WATCH—Court Report - Players that retired from men's game:
50 Years, 50 Heroes: Casey Dellacqua, 2008By Dec 21, 2018
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50 Years, 50 Heroes: 2011, Stacey AllasterBy Dec 25, 2018
50 Years, 50 Heroes: 2012, Larry EllisonBy Dec 25, 2018
50 Years, 50 Heroes: 2010, Aisam-ul-Haq QureshiBy Dec 24, 2018
50 Years, 50 Heroes: Casey Dellacqua, 2008
50 Years, 50 Heroes: 2008, Casey Dellacqua
Published Dec 21, 2018
For our sixth annual Heroes Issue, we’ve selected passages from the last 50 years of Tennis Magazine and TENNIS.com—starting in 1969 and ending in 2018—to highlight 50 worthy heroes. Each passage acknowledges the person as they were then; each subsequent story catches up with the person, or highlights their impact, as they are now. It is best summed up with a quote from the great Arthur Ashe, that was featured on the cover of the November/December issue of this magazine in 2015: “True heroism is remarkably sober, very undramatic. It is not the urge to surpass all others at whatever cost, but the urge to serve others at whatever cost.”
Dellacqua went out and splurged on some Nike clothes before her US Open match with Maria Sharapova last year, “because you don’t want to go on Arthur Ashe Stadium wearing a Target top.” –Peter Bodo / January 2008
Casey Dellacqua, the convivial, 33-year-old Aussie, retired in April via a plainspoken video announcement posted to social media. Always one to speak kindly and wield a crafty southpaw game, Dellacqua won seven WTA doubles titles and the 2011 French Open mixed doubles crown. Still, she remains admired by her peers and fans as much for her voice off the court as for her verve and accomplishments within the lines.
Dellacqua and Margaret Court both came from Perth, and both showed considerable grit on court. Their similarities largely end there. When Dellacqua and partner Amanda Judd started a family, Court, now a pastor, criticized Dellacqua in the press.
“Enough is enough,” Dellacqua tweeted in May 2017 after another round of Court’s anti-gay rhetoric. Six months later, 60 percent of Australians voted to legalize same-sex marriage.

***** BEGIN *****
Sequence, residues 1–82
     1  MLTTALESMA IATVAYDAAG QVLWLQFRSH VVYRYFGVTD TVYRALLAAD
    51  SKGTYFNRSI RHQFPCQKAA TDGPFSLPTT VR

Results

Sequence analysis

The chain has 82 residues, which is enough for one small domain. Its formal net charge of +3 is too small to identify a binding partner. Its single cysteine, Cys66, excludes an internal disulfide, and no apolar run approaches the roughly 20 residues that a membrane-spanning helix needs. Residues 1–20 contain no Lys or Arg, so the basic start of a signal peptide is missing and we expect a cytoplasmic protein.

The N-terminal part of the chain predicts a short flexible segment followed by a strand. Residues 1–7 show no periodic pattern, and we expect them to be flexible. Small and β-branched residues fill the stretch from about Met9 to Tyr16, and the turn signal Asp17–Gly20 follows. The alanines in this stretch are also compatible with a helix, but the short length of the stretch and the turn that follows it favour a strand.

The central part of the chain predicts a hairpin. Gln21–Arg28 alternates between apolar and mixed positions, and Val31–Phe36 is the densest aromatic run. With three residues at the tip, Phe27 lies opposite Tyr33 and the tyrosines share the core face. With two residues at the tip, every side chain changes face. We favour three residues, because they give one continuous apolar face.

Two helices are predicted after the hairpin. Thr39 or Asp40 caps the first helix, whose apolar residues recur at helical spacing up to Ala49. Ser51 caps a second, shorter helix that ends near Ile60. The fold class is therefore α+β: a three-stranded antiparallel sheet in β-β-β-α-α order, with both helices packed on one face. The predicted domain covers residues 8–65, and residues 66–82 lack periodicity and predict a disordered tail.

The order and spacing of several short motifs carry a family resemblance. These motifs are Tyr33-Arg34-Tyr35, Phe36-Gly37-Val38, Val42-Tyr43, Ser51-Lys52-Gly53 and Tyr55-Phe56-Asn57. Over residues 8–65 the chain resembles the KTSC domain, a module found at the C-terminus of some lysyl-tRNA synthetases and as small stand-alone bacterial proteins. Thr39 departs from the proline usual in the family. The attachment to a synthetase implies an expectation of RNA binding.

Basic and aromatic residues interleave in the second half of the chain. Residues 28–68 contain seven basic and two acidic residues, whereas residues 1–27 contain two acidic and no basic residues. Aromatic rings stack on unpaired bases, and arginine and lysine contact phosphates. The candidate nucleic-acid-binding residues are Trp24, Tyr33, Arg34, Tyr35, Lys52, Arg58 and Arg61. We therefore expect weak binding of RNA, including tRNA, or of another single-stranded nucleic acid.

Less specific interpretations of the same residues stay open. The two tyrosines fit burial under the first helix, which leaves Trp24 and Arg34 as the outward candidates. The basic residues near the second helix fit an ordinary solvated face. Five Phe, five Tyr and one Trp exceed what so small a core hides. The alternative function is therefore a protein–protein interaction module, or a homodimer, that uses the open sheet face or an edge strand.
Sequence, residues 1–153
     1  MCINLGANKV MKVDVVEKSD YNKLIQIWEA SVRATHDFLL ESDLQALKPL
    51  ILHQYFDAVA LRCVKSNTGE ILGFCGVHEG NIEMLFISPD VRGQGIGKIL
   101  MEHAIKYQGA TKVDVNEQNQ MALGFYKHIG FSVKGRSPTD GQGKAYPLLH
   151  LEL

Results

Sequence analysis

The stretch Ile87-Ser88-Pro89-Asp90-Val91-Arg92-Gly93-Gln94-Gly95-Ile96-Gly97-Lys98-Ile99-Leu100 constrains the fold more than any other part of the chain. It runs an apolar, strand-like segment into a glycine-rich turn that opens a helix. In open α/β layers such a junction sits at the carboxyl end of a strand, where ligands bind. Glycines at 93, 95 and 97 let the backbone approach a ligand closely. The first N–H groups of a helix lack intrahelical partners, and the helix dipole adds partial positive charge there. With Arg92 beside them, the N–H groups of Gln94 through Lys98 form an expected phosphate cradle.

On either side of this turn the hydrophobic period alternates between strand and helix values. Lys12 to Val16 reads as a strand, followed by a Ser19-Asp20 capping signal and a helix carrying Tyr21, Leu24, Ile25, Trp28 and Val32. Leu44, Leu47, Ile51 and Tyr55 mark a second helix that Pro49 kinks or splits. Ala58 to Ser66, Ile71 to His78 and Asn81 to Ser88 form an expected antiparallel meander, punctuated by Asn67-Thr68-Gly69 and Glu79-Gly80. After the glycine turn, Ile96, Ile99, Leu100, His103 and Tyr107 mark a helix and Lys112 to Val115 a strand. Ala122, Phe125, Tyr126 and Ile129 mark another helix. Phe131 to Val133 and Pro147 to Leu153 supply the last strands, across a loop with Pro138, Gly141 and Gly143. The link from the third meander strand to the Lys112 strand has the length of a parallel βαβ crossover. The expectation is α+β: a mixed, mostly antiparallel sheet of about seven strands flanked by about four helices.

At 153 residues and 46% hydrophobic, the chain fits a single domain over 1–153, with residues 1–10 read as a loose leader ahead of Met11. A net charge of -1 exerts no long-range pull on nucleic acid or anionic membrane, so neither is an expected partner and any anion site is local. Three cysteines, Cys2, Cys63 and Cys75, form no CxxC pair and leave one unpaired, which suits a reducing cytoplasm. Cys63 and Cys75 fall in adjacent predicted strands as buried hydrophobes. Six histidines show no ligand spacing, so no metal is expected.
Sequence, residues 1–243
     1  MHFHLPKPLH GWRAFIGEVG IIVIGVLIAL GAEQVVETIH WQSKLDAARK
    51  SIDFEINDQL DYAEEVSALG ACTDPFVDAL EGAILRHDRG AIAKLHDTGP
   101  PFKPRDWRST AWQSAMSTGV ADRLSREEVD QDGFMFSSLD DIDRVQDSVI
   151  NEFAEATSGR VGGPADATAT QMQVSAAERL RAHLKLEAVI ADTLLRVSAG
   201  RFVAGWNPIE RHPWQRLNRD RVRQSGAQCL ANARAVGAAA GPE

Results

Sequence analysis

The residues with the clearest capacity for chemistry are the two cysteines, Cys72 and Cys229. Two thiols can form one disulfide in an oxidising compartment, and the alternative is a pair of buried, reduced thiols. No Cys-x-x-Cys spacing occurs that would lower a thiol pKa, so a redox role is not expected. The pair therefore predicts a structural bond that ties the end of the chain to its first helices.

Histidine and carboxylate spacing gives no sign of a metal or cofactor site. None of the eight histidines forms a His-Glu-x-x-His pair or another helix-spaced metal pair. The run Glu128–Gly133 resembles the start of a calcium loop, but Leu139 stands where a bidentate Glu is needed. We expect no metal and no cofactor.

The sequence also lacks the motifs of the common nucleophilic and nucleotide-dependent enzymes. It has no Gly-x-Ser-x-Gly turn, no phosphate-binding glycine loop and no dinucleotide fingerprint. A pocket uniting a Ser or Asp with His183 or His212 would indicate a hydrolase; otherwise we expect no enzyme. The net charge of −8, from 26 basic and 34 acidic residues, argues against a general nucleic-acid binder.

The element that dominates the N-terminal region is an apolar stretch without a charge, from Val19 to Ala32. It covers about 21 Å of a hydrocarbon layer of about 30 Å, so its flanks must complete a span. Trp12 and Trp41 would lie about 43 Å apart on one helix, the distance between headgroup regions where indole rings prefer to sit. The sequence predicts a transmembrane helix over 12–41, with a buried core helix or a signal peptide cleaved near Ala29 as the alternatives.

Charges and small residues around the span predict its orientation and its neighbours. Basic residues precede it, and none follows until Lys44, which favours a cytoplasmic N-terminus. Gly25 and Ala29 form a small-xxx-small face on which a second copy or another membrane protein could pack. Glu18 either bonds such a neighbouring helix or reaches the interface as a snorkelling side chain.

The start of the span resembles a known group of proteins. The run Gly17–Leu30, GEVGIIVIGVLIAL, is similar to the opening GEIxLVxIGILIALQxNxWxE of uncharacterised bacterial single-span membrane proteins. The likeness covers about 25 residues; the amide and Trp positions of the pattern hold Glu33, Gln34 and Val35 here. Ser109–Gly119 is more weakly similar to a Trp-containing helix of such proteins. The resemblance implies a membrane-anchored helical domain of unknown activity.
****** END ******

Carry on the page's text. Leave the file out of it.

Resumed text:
“That was definitely the right time to speak up, and I’m really glad I did,” Dellacqua told her compatriot and close friend Rennae Stubbs on a recent Racquet magazine podcast.
Dellacqua’s openness to take on one of the sport’s all-time greats earned her the title of LGBTIA Sports Personality of the Year in Australia. Struck by that recognition, Dellacqua noted, as is her wont, “I won an award just for being Casey.”
Her reasons for retiring were not entirely about injuries, though Dellacqua had shoulder and foot surgeries, along with a recurring concussion issue.
“It basically came down to me wanting to be more of a mom than a tennis player,” she told Stubbs, adding, “there’s more kids in the plan.”
Dellacqua will be remembered for her spirited fourth-round runs at the Australian Open in 2008 and 2014. In ’08, the 23-year-old sporting clothes from Target topped then-No. 1 Amelie Mauresmo. Whereas so many players wilt under homegrown expectations, Dellacqua soared amid the clamor.
Dellacqua misses the competition and the adrenal rush of the crowds, but she hardly misses the training regimen. She now works for Tennis Australia, and will do TV commentary in January, when the sport’s epicenter returns Down Under.
In her retirement video, Dellacqua said, “I also can’t wait for the best of me away from the tennis court.” Here she comes.